Laurie Anderson was already working on a cycle of songs with Kronos Quartet when on October 29, 2012, Hurricane Sandy rose the Hudson River into her West Village home. The 110-minute piece — Landfall, which opened this week at the Brooklyn Academy of Museum (BAM) Harvey Theater — weaves the before and after fragments into a swell of strings spiked with text and digital noise.
Anderson writes in the Landfall program: “These are stories with tempos. Threaded through the stories in Landfall is an account of Hurricane Sandy that blew through New York just as I was finishing the work.” Landfall, continuing at BAM through this Saturday, is part of the 2014 Next Wave Festival, and the Nonesuch Records at BAM series that has been bringing together great crossover music icons like Philip Glass, Steve Reich, Stephin Merritt, and others celebrating the label’s 50th anniversary.
Despite their shared connection through BAM and Nonesuch, Landfall is the first collaboration between Anderson and the Kronos Quartet, joined by projected texts played by the musicians through software by digital artist Liubo Borissov. Not surprisingly for two parties so adept at compelling the soaring of strings into experimental arcs, it can frequently be beautiful, even electric, such as when violinist John Sherba of Kronos takes center stage for a disjointed, gripping solo. Yet as a response to the great devastation of Hurricane Sandy, it feels too light against that weight.
The main image of the storm presented in Landfall, which is introduced at the beginning and circled back to in the end, is that of Anderson’s basement filled with water, her old instruments, archives, everything floating. “How beautiful, how magic, and how catastrophic,” she intones in her distinctive lilting voice. Are the stray mentions of Melville, the North Pole, and stars references to her past work washing up in the rising waters? It’s unclear. Along the way are trips to the stars and galaxies that she was reminded of when viewing the satellite images of Sandy prior to its arrival in New York, a litany of extinct animals in an augmented low voice she often employs in performance, and the most audience-engaging ramble on people’s dreams.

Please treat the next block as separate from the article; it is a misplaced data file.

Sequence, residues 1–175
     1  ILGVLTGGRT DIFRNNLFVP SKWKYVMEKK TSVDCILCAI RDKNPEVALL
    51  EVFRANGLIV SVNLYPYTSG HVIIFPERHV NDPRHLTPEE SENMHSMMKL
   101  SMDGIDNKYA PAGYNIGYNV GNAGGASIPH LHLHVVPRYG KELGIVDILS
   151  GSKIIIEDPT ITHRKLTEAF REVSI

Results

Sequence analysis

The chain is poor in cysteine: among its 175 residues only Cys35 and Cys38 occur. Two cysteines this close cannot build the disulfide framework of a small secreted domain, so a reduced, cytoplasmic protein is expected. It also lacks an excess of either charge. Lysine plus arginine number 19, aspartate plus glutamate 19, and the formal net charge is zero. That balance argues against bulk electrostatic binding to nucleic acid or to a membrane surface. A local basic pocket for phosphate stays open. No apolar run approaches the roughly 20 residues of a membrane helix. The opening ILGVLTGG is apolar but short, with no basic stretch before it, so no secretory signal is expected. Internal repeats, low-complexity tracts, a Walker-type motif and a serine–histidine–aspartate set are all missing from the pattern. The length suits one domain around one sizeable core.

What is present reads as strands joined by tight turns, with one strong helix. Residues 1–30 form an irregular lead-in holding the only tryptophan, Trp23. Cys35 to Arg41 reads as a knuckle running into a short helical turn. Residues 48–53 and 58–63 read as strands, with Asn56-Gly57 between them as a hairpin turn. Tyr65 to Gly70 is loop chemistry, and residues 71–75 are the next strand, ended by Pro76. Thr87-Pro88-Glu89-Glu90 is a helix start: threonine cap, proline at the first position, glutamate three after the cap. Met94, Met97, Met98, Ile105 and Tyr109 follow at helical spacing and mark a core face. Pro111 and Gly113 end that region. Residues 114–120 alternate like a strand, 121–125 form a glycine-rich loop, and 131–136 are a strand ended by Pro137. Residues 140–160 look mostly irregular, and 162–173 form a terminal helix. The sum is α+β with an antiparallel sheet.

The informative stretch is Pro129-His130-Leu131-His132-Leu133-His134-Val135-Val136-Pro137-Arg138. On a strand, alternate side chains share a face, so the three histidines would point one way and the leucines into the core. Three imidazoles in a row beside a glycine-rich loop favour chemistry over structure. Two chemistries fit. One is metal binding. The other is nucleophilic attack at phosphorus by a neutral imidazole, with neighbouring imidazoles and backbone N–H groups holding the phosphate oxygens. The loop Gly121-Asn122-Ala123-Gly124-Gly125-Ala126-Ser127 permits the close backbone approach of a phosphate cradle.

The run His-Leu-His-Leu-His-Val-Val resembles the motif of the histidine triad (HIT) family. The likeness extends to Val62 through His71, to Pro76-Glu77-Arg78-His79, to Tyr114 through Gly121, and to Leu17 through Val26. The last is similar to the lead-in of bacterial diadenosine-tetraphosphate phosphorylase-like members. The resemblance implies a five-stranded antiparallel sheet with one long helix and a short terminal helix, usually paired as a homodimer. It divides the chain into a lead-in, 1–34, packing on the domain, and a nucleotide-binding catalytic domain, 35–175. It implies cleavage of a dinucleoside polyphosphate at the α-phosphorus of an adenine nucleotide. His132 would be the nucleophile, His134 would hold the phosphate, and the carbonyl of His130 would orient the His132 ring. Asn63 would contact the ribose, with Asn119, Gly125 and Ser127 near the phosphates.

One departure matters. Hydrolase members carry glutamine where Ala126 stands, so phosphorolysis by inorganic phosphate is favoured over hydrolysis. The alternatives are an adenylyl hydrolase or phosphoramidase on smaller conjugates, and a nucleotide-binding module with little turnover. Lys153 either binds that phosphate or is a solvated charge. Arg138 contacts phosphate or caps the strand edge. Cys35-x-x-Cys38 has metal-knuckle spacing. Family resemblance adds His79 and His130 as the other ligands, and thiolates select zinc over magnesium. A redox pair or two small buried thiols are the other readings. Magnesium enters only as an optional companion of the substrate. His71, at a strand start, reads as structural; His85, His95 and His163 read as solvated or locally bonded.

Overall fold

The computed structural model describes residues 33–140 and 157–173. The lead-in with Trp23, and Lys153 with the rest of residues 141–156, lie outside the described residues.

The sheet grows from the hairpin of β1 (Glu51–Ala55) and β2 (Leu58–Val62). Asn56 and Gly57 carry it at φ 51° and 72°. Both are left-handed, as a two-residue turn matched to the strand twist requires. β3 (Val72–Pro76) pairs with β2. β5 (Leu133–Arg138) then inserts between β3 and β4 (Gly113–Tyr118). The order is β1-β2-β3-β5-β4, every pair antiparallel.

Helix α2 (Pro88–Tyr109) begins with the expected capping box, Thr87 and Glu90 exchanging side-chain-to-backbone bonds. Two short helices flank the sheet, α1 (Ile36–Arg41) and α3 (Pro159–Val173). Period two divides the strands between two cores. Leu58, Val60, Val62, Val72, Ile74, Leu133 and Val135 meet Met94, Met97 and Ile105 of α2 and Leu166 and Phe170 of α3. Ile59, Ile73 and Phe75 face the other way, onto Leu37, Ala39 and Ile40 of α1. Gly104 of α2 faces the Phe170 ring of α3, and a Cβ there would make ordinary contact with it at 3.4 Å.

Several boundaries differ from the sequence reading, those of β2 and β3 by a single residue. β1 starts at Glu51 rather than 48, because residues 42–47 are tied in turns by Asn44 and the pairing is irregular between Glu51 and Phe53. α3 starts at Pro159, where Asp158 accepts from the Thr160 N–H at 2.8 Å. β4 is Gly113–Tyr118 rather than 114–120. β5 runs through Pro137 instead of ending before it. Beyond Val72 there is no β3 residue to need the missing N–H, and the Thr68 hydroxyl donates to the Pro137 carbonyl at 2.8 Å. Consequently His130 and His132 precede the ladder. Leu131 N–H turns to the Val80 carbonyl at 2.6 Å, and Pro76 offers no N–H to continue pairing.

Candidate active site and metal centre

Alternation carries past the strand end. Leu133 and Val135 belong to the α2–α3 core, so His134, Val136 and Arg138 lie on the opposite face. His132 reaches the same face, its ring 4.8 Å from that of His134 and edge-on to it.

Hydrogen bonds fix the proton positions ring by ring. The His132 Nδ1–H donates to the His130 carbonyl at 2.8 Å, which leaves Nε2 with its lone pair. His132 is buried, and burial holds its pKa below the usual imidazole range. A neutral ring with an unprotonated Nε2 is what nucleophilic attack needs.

“Don’t you hate it when people tell you their dreams?,” she asks, before relating a collage of them that makes up the center of her prose poem. And for most New Yorkers, Sandy still feels like a surreal dream. Even if your basement flooding wasn’t on the level of the Rockaways washing away, it may be your most vivid image of a disaster still scarring the city. And while Anderson’s Landfall shattered and reassembled by Sandy can have this kind of resonance in Brooklyn, as it next travels to the Contemporary Art Festival Budapest, Columbus, Ohio, and Austin, Texas, it may lose some of that eeriness as it gets further from the natural force that blows through it.
Landfall continues at the BAM Harvey Theater (651 Fulton Street, Downtown Brooklyn) through Saturday, September 27.